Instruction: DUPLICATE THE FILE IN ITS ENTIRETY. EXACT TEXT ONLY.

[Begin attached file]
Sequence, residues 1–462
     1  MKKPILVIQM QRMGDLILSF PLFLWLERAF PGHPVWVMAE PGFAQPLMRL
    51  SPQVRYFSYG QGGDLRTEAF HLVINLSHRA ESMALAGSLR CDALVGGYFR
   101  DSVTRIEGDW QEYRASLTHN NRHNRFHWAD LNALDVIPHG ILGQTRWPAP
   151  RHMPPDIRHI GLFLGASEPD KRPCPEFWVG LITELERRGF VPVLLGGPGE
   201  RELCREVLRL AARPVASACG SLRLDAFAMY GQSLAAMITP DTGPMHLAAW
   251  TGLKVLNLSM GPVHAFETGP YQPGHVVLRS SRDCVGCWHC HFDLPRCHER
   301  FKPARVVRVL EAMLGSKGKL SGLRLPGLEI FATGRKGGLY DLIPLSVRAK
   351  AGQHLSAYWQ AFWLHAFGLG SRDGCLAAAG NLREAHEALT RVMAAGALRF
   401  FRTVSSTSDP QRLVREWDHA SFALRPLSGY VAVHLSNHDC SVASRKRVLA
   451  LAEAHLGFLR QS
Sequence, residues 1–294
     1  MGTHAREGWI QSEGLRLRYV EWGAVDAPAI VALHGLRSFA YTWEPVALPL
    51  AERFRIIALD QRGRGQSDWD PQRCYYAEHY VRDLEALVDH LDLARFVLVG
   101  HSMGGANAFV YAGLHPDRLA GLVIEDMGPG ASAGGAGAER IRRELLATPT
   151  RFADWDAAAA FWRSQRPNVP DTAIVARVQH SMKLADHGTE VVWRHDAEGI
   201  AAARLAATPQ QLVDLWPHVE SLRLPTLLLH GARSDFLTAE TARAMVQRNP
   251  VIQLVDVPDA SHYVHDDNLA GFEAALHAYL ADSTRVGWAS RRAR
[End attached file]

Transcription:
Sequence, residues 1–462
     1  MKKPILVIQM QRMGDLILSF PLFLWLERAF PGHPVWVMAE PGFAQPLMRL
    51  SPQVRYFSYG QGGDLRTEAF HLVINLSHRA ESMALAGSLR CDALVGGYFR
   101  DSVTRIEGDW QEYRASLTHN NRHNRFHWAD LNALDVIPHG ILGQTRWPAP
   151  RHMPPDIRHI GLFLGASEPD KRPCPEFWVG LITELERRGF VPVLLGGPGE
   201  RELCREVLRL AARPVASACG SLRLDAFAMY GQSLAAMITP DTGPMHLAAW
   251  TGLKVLNLSM GPVHAFETGP YQPGHVVLRS SRDCVGCWHC HFDLPRCHER
   301  FKPARVVRVL EAMLGSKGKL SGLRLPGLEI FATGRKGGLY DLIPLSVRAK
   351  AGQHLSAYWQ AFWLHAFGLG SRDGCLAAAG NLREAHEALT RVMAAGALRF
   401  FRTVSSTSDP QRLVREWDHA SFALRPLSGY VAVHLSNHDC SVASRKRVLA
   451  LAEAHLGFLR QS
Sequence, residues 1–294
     1  MGTHAREGWI QSEGLRLRYV EWGAVDAPAI VALHGLRSFA YTWEPVALPL
    51  AERFRIIALD QRGRGQSDWD PQRCYYAEHY VRDLEALVDH LDLARFVLVG
   101  HSMGGANAFV YAGLHPDRLA GLVIEDMGPG ASAGGAGAER IRRELLATPT
   151  RFADWDAAAA FWRSQRPNVP DTAIVARVQH SMKLADHGTE VVWRHDAEGI
   201  AAARLAATPQ QLVDLWPHVE SLRLPTLLLH GARSDFLTAE TARAMVQRNP
   251  VIQLVDVPDA SHYVHDDNLA GFEAALHAYL ADSTRVGWAS RRAR